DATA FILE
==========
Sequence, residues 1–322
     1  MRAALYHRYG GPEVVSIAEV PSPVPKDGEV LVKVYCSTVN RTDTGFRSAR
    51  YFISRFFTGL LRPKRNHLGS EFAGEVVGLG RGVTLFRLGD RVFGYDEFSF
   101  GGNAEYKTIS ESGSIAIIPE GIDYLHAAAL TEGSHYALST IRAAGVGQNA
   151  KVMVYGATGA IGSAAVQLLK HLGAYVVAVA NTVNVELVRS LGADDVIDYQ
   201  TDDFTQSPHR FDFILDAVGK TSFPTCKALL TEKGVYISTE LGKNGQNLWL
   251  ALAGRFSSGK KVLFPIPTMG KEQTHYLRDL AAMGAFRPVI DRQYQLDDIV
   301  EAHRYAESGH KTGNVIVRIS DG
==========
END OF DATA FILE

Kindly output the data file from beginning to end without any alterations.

Sequence, residues 1–322
     1  MRAALYHRYG GPEVVSIAEV PSPVPKDGEV LVKVYCSTVN RTDTGFRSAR
    51  YFISRFFTGL LRPKRNHLGS EFAGEVVGLG RGVTLFRLGD RVFGYDEFSF
   101  GGNAEYKTIS ESGSIAIIPE GIDYLHAAAL TEGSHYALST IRAAGVGQNA
   151  KVMVYGATGA IGSAAVQLLK HLGAYVVAVA NTVNVELVRS LGADDVIDYQ
   201  TDDFTQSPHR FDFILDAVGK TSFPTCKALL TEKGVYISTE LGKNGQNLWL
   251  ALAGRFSSGK KVLFPIPTMG KEQTHYLRDL AAMGAFRPVI DRQYQLDDIV
   301  EAHRYAESGH KTGNVIVRIS DG